The voice was soft and gentle, as if, instead of being so close beside him, it were at a distance.
‘Who...and what are you?’ Scrooge demanded.
‘I am the Ghost of Christmas Past.’
‘Long past?’ inquired Scrooge.
‘No. Your past.’
Scrooge then made bold to inquire what business brought him there.
‘Your welfare!’ said the Ghost.
Scrooge expressed himself much obliged, but could not help thinking that a night of unbroken rest would have been more conducive to that end. The Spirit must have heard him thinking, for it said immediately: ‘Your reclamation, then. Take heed!’
It put out its hand as it spoke, and clasped Scrooge gently by the arm.
‘Rise! and walk with me!’
It would have been in vain for Scrooge to plead that the bed was warm and the thermometer a long way below freezing; the grasp, though gentle as a woman's hand, was not to be resisted. Scrooge rose: but finding that the Spirit made towards the window, clasped its robe in supplication.
‘I am mortal,’ Scrooge remonstrated, ‘and liable to fall.’
‘Let me touch my hand there,’ said the Spirit, laying it upon his heart, ‘and you shall be upheld!'
As the words were spoken, they passed through the wall...and stood upon an open country road, with fields on either side. The city had entirely vanished. The darkness and the mist had vanished with it, for it was a clear, cold, winter day, with snow upon the ground. ‘Good Heaven!’ said Scrooge, clasping his hands together, as he looked about him. ‘I know this place. I was a boy here!’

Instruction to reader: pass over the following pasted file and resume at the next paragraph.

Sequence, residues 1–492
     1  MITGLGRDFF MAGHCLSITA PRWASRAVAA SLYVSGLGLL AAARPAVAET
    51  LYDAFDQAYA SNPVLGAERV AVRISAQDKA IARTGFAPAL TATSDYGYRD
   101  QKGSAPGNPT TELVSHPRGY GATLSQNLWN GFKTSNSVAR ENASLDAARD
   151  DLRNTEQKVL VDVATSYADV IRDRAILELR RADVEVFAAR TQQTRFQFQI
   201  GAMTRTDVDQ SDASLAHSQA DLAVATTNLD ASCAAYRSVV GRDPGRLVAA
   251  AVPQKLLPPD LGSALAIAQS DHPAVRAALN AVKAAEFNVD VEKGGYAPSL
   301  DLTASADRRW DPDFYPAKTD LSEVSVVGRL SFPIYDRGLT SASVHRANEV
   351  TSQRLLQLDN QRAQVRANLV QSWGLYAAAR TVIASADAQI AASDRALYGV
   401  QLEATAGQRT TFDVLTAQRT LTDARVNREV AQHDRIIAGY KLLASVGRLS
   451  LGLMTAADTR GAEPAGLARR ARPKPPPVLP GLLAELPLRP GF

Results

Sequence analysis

Scrooge was conscious of a thousand thoughts, and hopes, and joys, and cares long, long, forgotten.
‘Your lip is trembling,’ said the Ghost.
Scrooge muttered, and begged the Ghost to lead him where he would.
‘You recollect the way?’ inquired the Spirit.
‘Remember it!’ cried Scrooge with fervour; ‘I could walk it blindfold.’
‘Strange to have forgotten it for so many years!’ observed the Ghost. ‘Let us go on.’
They walked along the road; Scrooge recognising every gate, and post, and tree; until a little market-town appeared in the distance, with its bridge, its church, and winding river. Some shaggy ponies now were seen trotting towards them with boys upon their backs, who called to other boys in carts driven by farmers. All these boys were in great spirits, and shouted to each other, until the broad fields were so full of merry music, that the crisp air laughed to hear it.
‘These are but shadows of the things that have been,’ said the Ghost. ‘They have no consciousness of us.’